By Steve Silverman
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Hank Aaron once said that Marvin Miller meant nearly as much to baseball as Jackie Robinson.
That assessment is neither overstated nor understated. Aaron was right on the money with his analysis of the former Major League Baseball Players Association executive director. Miller died today after battling cancer at the age of 95.
Miller’s reach in sports went far beyond baseball.
He was able to help major league baseball players win free agency and the ability for major league baseball players to move from one team to another will be the biggest part of his legacy.
If not for the work that Miller and former major league baseball player Curt Flood did, it seems likely that athletes in all sports would continue to be under the thumb of management and unable to move to a new team after finishing a contract.
It was a tough battle for Miller every step of the way. When he was hired by the Major League Baseball Players Association in 1966, he was viewed with a jaundiced eye by many of the players who had hired him. Miller had been a union lawyer in the steel industry.
The players had been informed by owners that Miller’s work in the steel industry had put him in contact with “mob goons” who would infiltrate major league baseball to help players get the message.
Nothing could have been further from the truth. Miller was a highly articulate man of integrity and strength. He realized right from the beginning that he could not do his job well because of the reserve clause that was a part of all major league contracts.
The reserve clause basically tied a player to a major league team for life. If a player’s contract ran out, his team could renew the contract based on the reserve clause. If a team wanted to trade a player, it could do it without asking the player for permission.
Miller knew this was wrong and he knew it was worth fighting. So did former Cardinal outfielder Curt Flood, who was traded by his employer against his will to the Philadelphia Phillies in 1969.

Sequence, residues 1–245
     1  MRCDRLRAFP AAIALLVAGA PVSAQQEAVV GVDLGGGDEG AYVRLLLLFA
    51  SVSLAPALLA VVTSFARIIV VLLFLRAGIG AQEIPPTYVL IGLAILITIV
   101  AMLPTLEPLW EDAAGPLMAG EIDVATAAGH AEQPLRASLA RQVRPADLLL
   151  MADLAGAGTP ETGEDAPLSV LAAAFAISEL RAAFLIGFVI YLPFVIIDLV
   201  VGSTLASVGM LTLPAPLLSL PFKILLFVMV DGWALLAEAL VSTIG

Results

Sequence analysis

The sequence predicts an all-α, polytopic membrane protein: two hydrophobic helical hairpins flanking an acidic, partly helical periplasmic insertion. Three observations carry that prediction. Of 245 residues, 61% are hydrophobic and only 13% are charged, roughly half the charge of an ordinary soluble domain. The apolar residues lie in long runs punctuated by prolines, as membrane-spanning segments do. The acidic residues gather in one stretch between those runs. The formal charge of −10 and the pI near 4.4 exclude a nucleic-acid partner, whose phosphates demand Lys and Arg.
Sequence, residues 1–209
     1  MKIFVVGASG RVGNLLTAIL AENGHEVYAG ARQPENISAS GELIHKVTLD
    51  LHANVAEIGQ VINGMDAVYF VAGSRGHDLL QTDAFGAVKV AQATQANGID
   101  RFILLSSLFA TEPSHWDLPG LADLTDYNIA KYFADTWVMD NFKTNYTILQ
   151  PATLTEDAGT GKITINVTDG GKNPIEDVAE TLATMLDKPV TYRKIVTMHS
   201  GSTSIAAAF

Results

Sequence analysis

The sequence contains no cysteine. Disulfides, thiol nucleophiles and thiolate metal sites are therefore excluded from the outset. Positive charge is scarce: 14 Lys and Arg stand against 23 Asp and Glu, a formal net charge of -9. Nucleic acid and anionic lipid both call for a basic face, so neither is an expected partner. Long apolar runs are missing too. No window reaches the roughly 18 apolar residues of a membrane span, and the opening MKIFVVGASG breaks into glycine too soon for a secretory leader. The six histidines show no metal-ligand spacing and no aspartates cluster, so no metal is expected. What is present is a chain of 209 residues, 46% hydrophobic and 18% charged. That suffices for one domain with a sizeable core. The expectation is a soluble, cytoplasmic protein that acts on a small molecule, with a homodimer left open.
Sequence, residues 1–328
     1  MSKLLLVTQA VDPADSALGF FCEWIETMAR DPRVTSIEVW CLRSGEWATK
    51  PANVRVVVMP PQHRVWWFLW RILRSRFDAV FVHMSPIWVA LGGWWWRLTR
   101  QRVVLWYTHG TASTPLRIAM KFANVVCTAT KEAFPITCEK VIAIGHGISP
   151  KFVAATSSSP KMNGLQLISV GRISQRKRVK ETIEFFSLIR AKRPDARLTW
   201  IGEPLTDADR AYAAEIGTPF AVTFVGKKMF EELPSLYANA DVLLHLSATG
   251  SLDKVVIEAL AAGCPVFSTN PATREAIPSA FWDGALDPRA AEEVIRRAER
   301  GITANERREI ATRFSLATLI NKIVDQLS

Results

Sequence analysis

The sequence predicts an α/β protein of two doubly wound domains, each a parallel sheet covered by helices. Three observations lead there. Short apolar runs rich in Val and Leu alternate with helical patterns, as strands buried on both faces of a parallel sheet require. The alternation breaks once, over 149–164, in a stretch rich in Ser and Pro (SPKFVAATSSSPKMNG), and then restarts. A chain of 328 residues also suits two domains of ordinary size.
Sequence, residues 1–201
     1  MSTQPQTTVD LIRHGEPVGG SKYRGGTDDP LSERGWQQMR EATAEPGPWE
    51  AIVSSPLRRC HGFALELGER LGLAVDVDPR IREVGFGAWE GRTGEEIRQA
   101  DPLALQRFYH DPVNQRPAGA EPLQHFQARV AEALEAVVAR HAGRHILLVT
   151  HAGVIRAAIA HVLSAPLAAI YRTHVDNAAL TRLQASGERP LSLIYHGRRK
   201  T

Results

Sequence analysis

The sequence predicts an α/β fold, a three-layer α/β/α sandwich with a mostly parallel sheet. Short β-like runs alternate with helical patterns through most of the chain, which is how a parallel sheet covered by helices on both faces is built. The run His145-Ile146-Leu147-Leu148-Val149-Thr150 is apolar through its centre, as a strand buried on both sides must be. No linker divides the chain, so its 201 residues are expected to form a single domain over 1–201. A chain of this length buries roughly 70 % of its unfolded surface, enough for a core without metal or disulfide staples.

Miller and Flood would challenge this action and their fight went to the Supreme Court. They would eventually lose, but it set the stage for Andy Messersmith-Dave McNally case that turned free agency into reality in baseball.
NHL Players’ Association executive director Donald Fehr eventually replaced Miller as the union head of the MLBPA. He said that Miller’s intellectual strength and character set the stage for players making huge gains against oppressive owners.
“Marvin possessed a combination of integrity, intelligence, eloquence, courage and grace that is simply unmatched in my experience,” Fehr said.
“Without question, Marvin had more positive influence on Major League Baseball than any other person in the last half of the 20th century.”
When Miller took over as the MLBPA chief, the minimum salary in baseball was $6,000 per year. That figure is now $480,000.
All sports now have some form of free agency and it couldn’t have been done without the diligence, strength, intelligence and integrity of Miller.
He set the standard for sports union representation and his work allows all who follow in his footsteps the opportunity to try to reach the goals that he set for representing his constituency.
It seems unlikely that any other sports union leader will do as much for his sport as Miller did for baseball.
He deserves recognition in Baseball’s Hall of Fame, an honor that inexplicably never came his way while he was alive.
Should Miller make the Hall of Fame? Let us know…